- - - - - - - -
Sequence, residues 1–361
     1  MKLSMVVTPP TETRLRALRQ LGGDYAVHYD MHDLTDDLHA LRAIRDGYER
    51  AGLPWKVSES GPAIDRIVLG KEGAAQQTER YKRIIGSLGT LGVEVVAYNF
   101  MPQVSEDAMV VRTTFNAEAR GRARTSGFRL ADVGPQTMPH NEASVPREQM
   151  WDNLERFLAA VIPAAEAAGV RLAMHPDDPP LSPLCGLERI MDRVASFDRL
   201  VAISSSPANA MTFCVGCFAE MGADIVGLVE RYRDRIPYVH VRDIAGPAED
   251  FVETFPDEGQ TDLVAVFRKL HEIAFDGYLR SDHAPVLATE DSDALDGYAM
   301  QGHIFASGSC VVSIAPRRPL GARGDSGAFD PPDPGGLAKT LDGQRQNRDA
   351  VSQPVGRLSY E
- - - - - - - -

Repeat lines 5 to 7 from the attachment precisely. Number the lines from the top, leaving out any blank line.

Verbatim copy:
   151  WDNLERFLAA VIPAAEAAGV RLAMHPDDPP LSPLCGLERI MDRVASFDRL
   201  VAISSSPANA MTFCVGCFAE MGADIVGLVE RYRDRIPYVH VRDIAGPAED
   251  FVETFPDEGQ TDLVAVFRKL HEIAFDGYLR SDHAPVLATE DSDALDGYAM